Among many of the discussions about trauma-informed communities is the importance of including faith leaders and faith communities. They are usually engaged in their community in a much more significant way as they have regular touch (usually weekly) with families, children and community members. There is a bond there that is not only relational but spiritual and this is accompanied by a committed group of people who love and care about each other as a vibrant part of their faith and its outworking.
I have found that some church environments and faith-based leaders are somewhat skeptical about becoming trauma-informed. For some it has a sense of compromise to the ways they understand certain behavior. I have had the privilege of having constructive conversations with church leaders and one of the truths that I emphasize is the fact that the understanding of the impact of trauma really helps to sensitize us to the deeper needs of the individuals we minister to.
In some ways it is not too much different than physical disease or wounds. We describe trauma as an emotional wound that has neurological impact to the brain and its capacity to process information accurately. To put it simply, an understanding of the trauma narrative of an individual allows us to love them better and more effectively even in the spiritual sense. It removes some of the more intense blame and shame that drives so many individuals to depression, anxiety and hopelessness. The reality is that healing is possible which I think is the very work of God!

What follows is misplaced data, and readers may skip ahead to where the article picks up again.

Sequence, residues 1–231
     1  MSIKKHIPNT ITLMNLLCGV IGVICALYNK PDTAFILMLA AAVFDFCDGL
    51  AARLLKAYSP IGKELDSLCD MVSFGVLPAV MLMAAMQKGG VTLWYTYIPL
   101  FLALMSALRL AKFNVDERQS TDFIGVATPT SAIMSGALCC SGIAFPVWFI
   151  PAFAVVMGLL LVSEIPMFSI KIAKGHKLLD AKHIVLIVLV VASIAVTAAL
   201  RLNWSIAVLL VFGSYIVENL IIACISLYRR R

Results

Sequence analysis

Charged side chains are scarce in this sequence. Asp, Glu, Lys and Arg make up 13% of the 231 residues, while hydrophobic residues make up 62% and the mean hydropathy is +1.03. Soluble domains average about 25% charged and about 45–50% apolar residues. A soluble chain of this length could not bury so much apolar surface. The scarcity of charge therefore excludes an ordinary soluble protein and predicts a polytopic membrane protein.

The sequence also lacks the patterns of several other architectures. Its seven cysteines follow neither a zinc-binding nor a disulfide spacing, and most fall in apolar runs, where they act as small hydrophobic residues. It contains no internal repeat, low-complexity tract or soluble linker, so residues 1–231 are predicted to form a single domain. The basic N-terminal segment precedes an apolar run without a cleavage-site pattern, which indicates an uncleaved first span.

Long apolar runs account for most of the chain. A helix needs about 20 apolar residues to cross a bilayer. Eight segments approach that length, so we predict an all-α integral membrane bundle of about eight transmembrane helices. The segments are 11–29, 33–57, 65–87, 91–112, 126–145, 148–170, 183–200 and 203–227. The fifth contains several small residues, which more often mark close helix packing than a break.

The other reality for faith-based communities is that they are inundated with need. Often people go to churches with a myriad of problems that are financial, emotional, relational, spiritual and often have expectations that the church has capacity to meet those needs. Yet we know that it takes some extensive training and constancy of support to help people who are deeply impacted by trauma or adversities in childhood.
Most ministry teams are overwhelmed with these requests. It is important that they are aware of appropriate and helpful approaches to help individuals with these complex demands. It is not in any way compromising to spiritual values but in fact, absolutely completes our understanding of the hope, love and power of God. Those in need must know they can seek help, comfort and guidance through the care and support of loving, sensitive and caring people committed to offer God’s attributes and truth.
I am pleased to see that in the State of Pa. we are attempting to embrace faith-based communities with the knowledge of being trauma informed. Below is a link to an article where my friend Rob Reed, Executive Deputy State Attorney General of Pa. is meeting with faith-based leaders in Pottstown, Pa. to speak to the value of these leaders becoming trauma-informed as community leaders.
We want everyone, including our faith-based communities, to be enriched by understanding the impact of trauma to those in their community. These communities are some of the best environments for love, safety, healing and hope. This knowledge and awareness has the potential to create the best sanctuaries for traumatized individuals to find stable support and eventual recovery.